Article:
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Giant consumer goods brand Unilever under fire for product switch-up: 'A badge of shame'

"We're working on a range of solutions."

"We’re working on a range of solution."

Photo Credit: iStock

Despite promises to the contrary, consumer packaged goods giant Unilever is on track to sell 53 billion single-use plastic sachets in 2023. The brand had pledged to halve their use of virgin plastics by 2025, but at this rate, they'll miss their target by more than a decade.

What's happening?

A recent Guardian article delves into the report from Greenpeace.

"Unilever really are pouring fuel on the fire of the plastic pollution crisis," said Nina Schrank of Greenpeace UK. "Their brands like Dove are famous for telling the world they're forces for good. But they're pumping out a staggering amount of plastic waste. It's poisoning our planet … Unilever has to change."

The plastic sachets are used to package anything from toothpaste to condiments. This is an approach that has been lucrative for Unilever for a long time; in fact, they're credited with the development of the sachets back in the 1980s. The company's justification for using the sachets is that they're more affordable for low-income customers — but they do more harm than good.

Marian Ledesma, a campaigner at Greenpeace Philippines, told the Guardian that "each one of the many Dove sachets we found polluting beaches and waterways should be a badge of shame for Dove and Unilever."

Why are single-use plastics so bad?

Plastic sachets have a way of accumulating everywhere — clogging drains, littering streets, and washing into the ocean. They're dangerous for wildlife, who sometimes starve to death with stomachs full of plastic. Pollution can also make countries less appealing to tourists, putting much-needed tourism dollars at risk.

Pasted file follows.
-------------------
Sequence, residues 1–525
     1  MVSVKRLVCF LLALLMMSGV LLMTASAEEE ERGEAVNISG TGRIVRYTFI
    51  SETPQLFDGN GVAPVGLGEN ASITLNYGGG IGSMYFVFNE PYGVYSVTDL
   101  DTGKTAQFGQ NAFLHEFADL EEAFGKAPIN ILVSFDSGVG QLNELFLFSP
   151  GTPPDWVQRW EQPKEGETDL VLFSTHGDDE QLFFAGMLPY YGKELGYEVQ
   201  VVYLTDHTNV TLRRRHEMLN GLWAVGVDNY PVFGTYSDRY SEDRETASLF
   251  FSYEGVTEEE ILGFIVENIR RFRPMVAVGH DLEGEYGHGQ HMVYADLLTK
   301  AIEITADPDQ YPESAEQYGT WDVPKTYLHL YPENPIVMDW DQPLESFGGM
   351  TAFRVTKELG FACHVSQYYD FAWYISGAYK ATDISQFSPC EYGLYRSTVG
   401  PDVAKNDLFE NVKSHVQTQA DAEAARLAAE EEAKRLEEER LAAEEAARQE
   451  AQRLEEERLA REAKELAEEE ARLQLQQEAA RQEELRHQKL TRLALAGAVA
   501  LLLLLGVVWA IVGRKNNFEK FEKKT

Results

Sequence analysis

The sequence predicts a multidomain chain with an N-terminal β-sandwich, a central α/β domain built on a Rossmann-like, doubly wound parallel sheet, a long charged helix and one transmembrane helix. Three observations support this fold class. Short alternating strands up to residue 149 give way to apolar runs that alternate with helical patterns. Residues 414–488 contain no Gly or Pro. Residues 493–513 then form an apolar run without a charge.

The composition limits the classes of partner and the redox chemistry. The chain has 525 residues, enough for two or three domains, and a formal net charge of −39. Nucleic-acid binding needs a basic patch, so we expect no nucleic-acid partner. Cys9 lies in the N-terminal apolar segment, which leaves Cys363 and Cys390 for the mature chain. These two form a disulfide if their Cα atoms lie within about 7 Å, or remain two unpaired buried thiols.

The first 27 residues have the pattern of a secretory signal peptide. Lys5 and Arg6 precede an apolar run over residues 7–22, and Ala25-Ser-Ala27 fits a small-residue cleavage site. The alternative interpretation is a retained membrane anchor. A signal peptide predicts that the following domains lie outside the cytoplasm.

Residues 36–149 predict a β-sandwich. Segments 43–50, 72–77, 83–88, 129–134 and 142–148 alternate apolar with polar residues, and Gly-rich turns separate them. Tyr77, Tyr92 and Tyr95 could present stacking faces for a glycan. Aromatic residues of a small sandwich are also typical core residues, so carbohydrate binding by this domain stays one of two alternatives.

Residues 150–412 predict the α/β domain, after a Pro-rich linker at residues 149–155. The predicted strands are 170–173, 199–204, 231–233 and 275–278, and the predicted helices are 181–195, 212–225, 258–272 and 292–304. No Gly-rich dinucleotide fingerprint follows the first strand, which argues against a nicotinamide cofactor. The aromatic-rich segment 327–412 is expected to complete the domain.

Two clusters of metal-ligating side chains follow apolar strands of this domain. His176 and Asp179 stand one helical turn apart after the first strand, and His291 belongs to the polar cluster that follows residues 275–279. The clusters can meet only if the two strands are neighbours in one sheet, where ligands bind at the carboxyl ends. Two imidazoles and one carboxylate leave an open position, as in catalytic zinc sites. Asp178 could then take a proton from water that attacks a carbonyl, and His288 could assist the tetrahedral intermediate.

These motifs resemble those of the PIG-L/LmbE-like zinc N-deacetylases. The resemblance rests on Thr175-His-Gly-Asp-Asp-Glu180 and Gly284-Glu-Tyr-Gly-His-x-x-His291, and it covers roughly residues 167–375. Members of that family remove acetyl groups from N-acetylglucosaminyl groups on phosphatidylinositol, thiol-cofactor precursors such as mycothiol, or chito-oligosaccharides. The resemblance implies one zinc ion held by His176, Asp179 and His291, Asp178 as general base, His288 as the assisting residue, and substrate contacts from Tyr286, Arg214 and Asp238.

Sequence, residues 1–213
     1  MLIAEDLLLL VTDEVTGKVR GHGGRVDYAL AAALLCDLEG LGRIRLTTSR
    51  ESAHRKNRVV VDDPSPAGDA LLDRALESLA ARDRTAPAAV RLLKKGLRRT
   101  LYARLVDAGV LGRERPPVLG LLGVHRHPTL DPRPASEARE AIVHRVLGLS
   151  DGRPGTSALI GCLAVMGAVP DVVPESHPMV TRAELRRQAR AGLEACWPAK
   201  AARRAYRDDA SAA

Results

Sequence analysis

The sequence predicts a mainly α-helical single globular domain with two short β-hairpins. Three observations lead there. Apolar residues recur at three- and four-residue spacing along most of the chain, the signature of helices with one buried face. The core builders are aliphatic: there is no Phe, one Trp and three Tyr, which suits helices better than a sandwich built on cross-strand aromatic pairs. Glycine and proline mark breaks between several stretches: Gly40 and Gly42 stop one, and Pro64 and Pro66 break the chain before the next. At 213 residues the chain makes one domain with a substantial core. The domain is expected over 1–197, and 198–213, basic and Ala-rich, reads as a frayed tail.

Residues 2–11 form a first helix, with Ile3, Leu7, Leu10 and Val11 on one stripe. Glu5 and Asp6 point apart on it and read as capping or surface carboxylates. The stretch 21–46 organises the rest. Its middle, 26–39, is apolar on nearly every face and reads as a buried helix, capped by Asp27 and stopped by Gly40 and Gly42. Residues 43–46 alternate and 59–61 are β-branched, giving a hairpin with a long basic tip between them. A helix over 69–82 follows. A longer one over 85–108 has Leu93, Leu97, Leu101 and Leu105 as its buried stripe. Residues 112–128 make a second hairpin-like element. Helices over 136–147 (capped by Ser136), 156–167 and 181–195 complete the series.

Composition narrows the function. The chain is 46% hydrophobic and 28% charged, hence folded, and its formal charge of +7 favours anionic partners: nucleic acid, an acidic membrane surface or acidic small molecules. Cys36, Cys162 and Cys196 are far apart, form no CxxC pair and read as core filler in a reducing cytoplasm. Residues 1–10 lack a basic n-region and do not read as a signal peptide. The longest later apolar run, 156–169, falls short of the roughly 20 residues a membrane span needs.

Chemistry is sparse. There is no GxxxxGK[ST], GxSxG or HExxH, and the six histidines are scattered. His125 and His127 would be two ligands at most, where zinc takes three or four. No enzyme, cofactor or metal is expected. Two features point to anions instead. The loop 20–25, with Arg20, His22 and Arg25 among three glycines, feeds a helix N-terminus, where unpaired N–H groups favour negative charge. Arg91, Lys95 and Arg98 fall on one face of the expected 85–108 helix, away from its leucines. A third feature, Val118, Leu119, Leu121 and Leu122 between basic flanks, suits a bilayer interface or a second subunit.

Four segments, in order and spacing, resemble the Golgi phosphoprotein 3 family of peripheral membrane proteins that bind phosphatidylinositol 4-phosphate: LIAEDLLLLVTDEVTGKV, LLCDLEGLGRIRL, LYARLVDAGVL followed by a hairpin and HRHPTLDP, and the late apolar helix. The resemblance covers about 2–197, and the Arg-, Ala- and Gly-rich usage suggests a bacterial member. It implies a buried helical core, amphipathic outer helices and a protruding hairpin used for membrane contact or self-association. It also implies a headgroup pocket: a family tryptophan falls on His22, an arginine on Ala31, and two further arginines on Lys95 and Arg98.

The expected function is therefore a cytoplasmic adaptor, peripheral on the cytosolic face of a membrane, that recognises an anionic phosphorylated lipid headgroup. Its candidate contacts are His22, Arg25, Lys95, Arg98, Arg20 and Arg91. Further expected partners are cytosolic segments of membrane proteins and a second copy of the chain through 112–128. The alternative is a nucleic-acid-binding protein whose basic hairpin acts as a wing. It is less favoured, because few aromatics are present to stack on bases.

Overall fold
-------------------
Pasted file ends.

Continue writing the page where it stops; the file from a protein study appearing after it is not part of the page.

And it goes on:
And Unilever isn't the only offender. A Plastic Planet found that 855 billion sachets are sold every year, which is enough, they say, to cover the entire surface of the Earth. Plastic was found at the deepest part of the Mariana Trench, which is quite literally the most remote place on the planet.

Greenpeace is calling on Unilever to support a global plastics treaty, which would include a legally binding target of cutting plastic production by at least 75% by 2040.

"We're working on a range of solutions to reduce our use of plastic sachets, which are difficult to recycle, and replace them with alternatives," a spokesperson for Unilever said.

What can consumers do?

Consumers can help work toward a plastic-free future by supporting brands that utilize plastic-free packaging and not supporting those who fail to meet their own commitments.

Several groups are working to innovate around plastic-free alternatives, such as the University of Cambridge researchers who created mind-boggling vegan spider silk. And some brands, like Pepsi, are converting their plastic packaging to more sustainable options.

By supporting brands like these and stepping back from brands that fail to meet their pledges, we can change the way we hold corporations accountable and envision a plastic-free future.

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